So. Much was made of the religious background of Senator Lieberman during the Presidential election. So Here's my question...
If they had become President and Vice President, do you think the Gore / Lieberman presidency would have reacted towards Israel in a more or less favorable light?
I think, as a Jew, Lieberman would have to be very wary of percieved bias, so he might have actually tried to be more pro-palestinian. Since I tend to be more on the side of the Israelis, I find it sort of amusing that in my opinion at least - the state of Israel is being better served by having the Jewish veep not in power.
I don't think that's necessairly so. Lieberman is usually known for speaking his mind and doing what he feels is right no matter what other people, even those in his party, think, so if he really is against homicide bombing then he would take a rather pro-Israel stance. Then again, I don't know if he would have the same pull over Gore that Cheney does over Bush, so his opinion many not matter in the end. Gore (Clinton: Episode II) would most assuredly be more pro-Palestinian than Bush is. I bet you my left testicle that Gore would be saying something like "We need to be mindful of the bombers' views, we need to help them end their brutal occupation, etc."
(edited by DMC on 17.5.02 1456)
"Man lives in the sunlit world of what he believes to be reality...BUT...there is, unseen by most, an underworld, a place that is just as real, but not as brightly lit...A darkside!" -Tales from the Darkside TV show
Foreign policy is generally pretty much the same regardless of which Party or who is in power. Significant foreign policy shifts generally happen as a result of outside factors, not as the result of internal (new President) or whatever factors. Now, some presidents are better diplomats, or are more skilled and knowledgable about foreign policy than others, but in terms of what the actual policy is, the bureaucrats at the State Department and the Pentagon pretty much determine most of it.
Our policy vis-a-vis Israel hasn't really changed since the early 70s. Ford, Carter, Reagan, Bush, and Clinton pretty much followed the path the Nixon and Kissinger set out. In fact, foreign policy in general has pretty much followed the path that Nixon and Kissinger set out (Nixon was really the last president to make major foreign-policy changes without outside circumstances dictating them). Different circumstances and philosophies have led to different tactics, but the fundamental policies have remained pretty much unchanged.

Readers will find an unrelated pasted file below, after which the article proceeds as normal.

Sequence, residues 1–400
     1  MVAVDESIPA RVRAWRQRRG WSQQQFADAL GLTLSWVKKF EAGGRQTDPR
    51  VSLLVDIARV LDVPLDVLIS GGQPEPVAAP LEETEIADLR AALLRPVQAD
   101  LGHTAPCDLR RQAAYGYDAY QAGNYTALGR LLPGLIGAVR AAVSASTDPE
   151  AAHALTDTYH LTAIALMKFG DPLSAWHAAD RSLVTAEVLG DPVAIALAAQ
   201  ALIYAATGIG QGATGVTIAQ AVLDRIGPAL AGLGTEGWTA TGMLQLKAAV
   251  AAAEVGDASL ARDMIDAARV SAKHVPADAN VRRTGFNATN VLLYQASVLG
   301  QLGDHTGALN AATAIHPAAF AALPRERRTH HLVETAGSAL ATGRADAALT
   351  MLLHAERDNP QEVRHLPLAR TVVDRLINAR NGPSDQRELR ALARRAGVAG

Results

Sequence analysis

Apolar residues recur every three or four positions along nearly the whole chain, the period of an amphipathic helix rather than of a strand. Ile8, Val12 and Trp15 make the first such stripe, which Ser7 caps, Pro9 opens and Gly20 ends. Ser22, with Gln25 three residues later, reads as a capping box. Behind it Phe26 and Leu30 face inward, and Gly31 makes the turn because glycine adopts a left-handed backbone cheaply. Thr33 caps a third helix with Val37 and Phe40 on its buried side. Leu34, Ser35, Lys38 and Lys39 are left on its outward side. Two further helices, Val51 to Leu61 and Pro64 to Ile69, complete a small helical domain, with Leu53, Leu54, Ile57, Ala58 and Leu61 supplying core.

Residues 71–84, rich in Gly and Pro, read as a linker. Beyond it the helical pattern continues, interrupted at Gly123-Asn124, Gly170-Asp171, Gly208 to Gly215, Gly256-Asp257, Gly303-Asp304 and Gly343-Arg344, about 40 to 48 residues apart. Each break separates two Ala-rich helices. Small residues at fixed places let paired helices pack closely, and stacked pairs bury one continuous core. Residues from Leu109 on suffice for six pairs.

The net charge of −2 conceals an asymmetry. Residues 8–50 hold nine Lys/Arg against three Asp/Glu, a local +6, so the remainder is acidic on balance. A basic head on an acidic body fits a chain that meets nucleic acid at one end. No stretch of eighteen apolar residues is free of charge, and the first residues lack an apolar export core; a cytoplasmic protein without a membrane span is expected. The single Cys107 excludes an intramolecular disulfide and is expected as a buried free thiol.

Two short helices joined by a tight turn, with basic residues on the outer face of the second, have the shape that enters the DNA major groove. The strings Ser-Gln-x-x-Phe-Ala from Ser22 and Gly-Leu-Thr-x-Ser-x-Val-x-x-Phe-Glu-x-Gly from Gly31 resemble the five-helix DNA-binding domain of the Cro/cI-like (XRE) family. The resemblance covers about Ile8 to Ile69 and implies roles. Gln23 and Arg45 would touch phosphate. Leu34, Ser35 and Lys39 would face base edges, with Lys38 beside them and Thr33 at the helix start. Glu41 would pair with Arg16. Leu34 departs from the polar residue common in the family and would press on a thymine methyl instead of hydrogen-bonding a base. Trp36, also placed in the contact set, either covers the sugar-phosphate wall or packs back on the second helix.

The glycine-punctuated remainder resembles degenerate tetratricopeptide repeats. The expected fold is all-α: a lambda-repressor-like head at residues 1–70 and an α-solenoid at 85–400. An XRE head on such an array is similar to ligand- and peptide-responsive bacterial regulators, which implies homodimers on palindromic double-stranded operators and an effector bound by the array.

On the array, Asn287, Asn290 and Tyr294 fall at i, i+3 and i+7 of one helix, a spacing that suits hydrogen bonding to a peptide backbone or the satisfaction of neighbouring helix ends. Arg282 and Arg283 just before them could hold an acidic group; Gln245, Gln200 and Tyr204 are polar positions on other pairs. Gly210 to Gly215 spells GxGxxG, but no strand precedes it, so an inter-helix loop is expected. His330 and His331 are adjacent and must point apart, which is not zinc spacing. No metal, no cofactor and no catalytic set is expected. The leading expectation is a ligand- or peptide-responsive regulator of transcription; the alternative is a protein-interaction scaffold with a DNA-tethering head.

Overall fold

Essentially, I think Leiberman and Gore's position vis-a-vis Israel would be pretty much the damn same as Bush and Cheney's.
What I don't understand is why ask about Israel? Why not ask about our policy vis-a-vis Venezaula (sp?), or Argentina, or Sri Lanka, or India, or the Phillippins (sp?)? All of these countries have had major instability and conflicts lately, where US policy has the potential to play a crucial role. Why is it just Israel that gets pointed out as a possible place where a change in administrations might mean a change in policy? (This isn't just aimed at Guru, it's aimed at American society in general). Because Lieberman's Jewish?
I only asked because the I thought that the microscope would really be tuned in on Lieberman on this issue. I suppose I would think the same thing if a Buddhist was in power and we were looking at Sri Lanka...
I guess it is sort of a statement on me that I would wonder if they would act differently due to their own convictions.
Still, people are looking at Ashcroft and focusing in on his bible readings and spiritual meetings that are "optional" for his staff.
I like what you're saying about foreign policy being more or less the same, regardless of who's in power.
As for your other points, we have paid a little attention to the Phillippines. We do, I believe, have American soldiers there right now, as there have been since WWII (they have been there since WWII, right?)
We've also paid a little bit of attention to India/Pakistan.
I think the reason for these policies is that we have a vested interest in them. We've been embroiled in Fillipino politics for years, and no one wants India and Pakistan to come to nuclear blows. We're all potentially screwed if that happens. And, of course, we have a vested interest in the Middle East. Israel is our biggest ally.
I guess the point is that we're not helping out of some dedication to solving the world's problems; we're helping out because it's in our best interests.
The man's talking about logic. We're talking about universal Armageddon! --Bones
I think Gore would have followed what Clinton was doing in the Middle East and that is acting as a buffer. Bush came in as president and ignored much of what was happening between the two and without that buffer, or Earl Hebner, in there things are getting a little out of hand.
Bush stepped in reluctantly, only after things started getting very violent and very bloody. It's such a fragile piece of the world, the blind eye approach that Bush was using just won't work. Especially since *we* side with Israel and most of the Mid East seems to side with Arafat. Then you put oil into the equation and our unwillingness to move away from oil and things get even messier.
I think that Clinton played a bigger role in keeping the peace than most people give him credit for. I think that Gore more or less would have followed his lead. Now whether his people skills were enough to match Clinton's is a whole nother story.
I post this to show that sometimes people can actually make sense in Washington. I'm glad he admits that the GOP pulled the exact same thing on a lot of Clinton judicial nominees, but the Dems never decided to tinker with the rules of the Senate.